N420 G0 G90 G41 D112 X2.0549 Y-1.513 S2500 M3
    N430 G43 Z1.0 H12 T08
    N440 G1 Z.8 F12. M7

    Go to tool change or end of program:

    N340 M09
    N350 M05
    N360 G28 G40 G91 Z.0
    N370 G28 Y.0
    N380 G90
    N390 M00 (or M30) After program is proved, M00 is changed to M01.

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    I've never gotten into the habit of using G49 on Haas, because there is no need to in the circumstances I work within. On Haas, the length cancellation is combined with the next Z axis movement, so you would not see anything happen unless you both cancel the length offset and move somewhere. If you move in G53, you'd probably be okay if G53 Z0 is "up". But if you happen to still be in one of the work offsets, and Z0 is the top of the part, then that is where the spindle reference is going to move to, if G00 G54 G49 Z0 is commanded. Those commands might not even be in that sequence or on the same line to have that effect, as some of them are modal.

    Those comments all refer to the 'positive tool length offset' method. That is why I won't have anything to do with it: bugaboos from my past with Bandit and Shadow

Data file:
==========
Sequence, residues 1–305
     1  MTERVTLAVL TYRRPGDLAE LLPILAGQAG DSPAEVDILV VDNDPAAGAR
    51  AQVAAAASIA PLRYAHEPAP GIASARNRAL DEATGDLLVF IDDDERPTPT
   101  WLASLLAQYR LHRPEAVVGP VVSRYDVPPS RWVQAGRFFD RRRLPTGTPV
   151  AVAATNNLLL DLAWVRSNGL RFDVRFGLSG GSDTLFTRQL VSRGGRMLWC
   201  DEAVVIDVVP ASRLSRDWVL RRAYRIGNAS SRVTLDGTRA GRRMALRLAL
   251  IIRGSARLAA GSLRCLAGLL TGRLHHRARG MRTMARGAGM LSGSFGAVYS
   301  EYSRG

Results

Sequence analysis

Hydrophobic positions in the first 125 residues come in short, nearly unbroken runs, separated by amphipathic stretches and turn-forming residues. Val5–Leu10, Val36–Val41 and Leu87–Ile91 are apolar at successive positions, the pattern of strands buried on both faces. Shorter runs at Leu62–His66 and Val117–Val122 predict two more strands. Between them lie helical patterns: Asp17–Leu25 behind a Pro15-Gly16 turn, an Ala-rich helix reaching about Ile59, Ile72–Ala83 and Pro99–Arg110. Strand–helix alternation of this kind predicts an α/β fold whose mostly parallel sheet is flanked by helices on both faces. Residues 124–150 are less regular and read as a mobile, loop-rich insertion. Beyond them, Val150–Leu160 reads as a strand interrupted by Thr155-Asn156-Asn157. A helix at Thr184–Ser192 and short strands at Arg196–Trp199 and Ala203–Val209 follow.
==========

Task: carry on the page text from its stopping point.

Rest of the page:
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    Quote Originally Posted by BadBeta View Post
    If a program can show that it is rapid plunging into material, and thus knows that, why on earth can't it correct for that itself?
    I just caught this comment.

    Exactly! Whatever the logic might be that causes this, at some point the blue lines showing the toolpath turn into red dashed lines --indicating a rapid. On that assumption that one choses to live with that (why would it ever be OK to rapid plunge into stock?) at the very least a warning message should appear immediately saying something like: "Detected rapid into stock!". You shouldn't even have to get to the simulator to see it...

    -Martin

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    I just glanced over the long list of "problems". I, too, had a list like that when I started on CamWorks...and SmartCam...and MasterCam. Doesn't everybody when they learn a new Cam program? The majority of your problems are solved through training and a decent post. Do you honestly think that MasterCam, SurfCam or FeatureCam or... whatever, don't have their quirks/bugs? Really?
    As for bugs, we're still on CamWorks2007 because of money issues but mainly due to our policy NOT to ungrade as soon as the newest version comes out. We wait at least a year. There's a long thread on upgrading so I'm not going more into it here.
    One thing I've learned is never to trust the posts of anybody who foams at the mouth either for or against anything. Just not reasonable.
    I've posted before about CamWorks. I like it but I keep an open mind toward other software. Because I will work with whatever software, the company I work for, has. That simple.